First Merchants commits that each First Merchant’s branch will have a small business banking trained banker, and to increasing grants, loans, and investments in CDFIs throughout First Merchants’ footprint, as well as offering technical assistance for CDFIs and CDCs that want to offer small business loans.

Community Development Lending and Investment (CDLI)

Community Benefits Commitment:        $679 million over 5 years

First Merchants will work with the advisory board and interested NCRC members to gain insight and ideas related to developing Acquisition-Rehab Community Development products, such as the development of a revolving loan fund for acquisition and rehab.

Philanthropy

Community Benefits Commitment:        $4.7 million over 5 years

This increases the previous philanthropy goal by 38%, and the goal for CRA eligible philanthropy for organizations led by people of color has also increased to at least $683,500. First Merchants will also continue and increase support for local coalitions and Detroit community organizations, provide meaningful multi-year capacity building grants, especially for organizations serving immigrant communities, and support and work with organizations serving the Muslin community in First Merchants footprint in order to find solutions for increasing home ownership and small business capital in these communities in culturally appropriate ways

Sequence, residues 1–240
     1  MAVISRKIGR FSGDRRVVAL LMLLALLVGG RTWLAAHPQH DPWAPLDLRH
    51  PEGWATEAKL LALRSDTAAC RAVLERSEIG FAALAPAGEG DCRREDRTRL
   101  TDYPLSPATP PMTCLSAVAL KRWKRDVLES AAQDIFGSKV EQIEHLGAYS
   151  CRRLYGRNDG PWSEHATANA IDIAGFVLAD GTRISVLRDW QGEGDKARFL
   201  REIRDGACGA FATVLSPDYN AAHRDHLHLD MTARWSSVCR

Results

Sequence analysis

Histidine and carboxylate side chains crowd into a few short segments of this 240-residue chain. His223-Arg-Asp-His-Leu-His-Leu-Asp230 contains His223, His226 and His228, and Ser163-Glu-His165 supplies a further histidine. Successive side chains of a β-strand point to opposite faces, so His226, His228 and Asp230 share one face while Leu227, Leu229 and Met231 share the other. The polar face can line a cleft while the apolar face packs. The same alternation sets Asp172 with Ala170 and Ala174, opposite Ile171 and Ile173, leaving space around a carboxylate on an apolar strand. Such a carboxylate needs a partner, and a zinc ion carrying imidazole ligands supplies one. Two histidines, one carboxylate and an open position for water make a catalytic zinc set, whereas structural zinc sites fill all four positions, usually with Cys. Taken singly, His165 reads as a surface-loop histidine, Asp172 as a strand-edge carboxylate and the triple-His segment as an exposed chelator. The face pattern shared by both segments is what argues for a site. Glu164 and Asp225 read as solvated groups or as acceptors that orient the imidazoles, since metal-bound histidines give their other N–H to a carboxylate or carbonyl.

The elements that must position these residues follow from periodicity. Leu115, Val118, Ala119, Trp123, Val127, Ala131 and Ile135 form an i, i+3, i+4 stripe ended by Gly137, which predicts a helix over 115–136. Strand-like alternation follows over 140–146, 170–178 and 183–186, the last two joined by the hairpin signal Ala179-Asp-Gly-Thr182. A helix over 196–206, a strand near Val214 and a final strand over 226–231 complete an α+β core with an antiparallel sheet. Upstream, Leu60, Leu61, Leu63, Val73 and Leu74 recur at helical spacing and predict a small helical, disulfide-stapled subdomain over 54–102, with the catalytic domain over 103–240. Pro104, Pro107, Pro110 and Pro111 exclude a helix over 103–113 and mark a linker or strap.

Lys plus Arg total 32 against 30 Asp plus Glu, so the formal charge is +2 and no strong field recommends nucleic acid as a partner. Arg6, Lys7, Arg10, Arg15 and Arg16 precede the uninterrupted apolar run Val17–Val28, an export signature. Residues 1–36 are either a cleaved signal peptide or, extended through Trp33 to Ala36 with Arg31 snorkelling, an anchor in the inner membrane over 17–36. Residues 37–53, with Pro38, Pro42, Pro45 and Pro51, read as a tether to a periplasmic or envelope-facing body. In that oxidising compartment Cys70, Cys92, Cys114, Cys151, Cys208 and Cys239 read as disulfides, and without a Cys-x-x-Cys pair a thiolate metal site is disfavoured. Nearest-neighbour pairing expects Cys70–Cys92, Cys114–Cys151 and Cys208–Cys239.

Appraisal Practices and Data

First Merchants will establish Appraiser Panels where questionable appraisals and appraisers will be reviewed. First Merchants will work with NCRC and other partners to provide data on the overall results of the Appraiser Panel Process. The goal of sharing data is to create a more informed picture of the extent of appraisers and appraisals practice issues. The timing and frequency of the reporting of data will be established. The reports will be reviewed with the Advisory Board, as well as with NCRC’s local coalitions and interested members. First Merchants also commits to not working with appraisers that are identified as consistently undervaluing homes, and to support increasing diversity within the appraisal industry.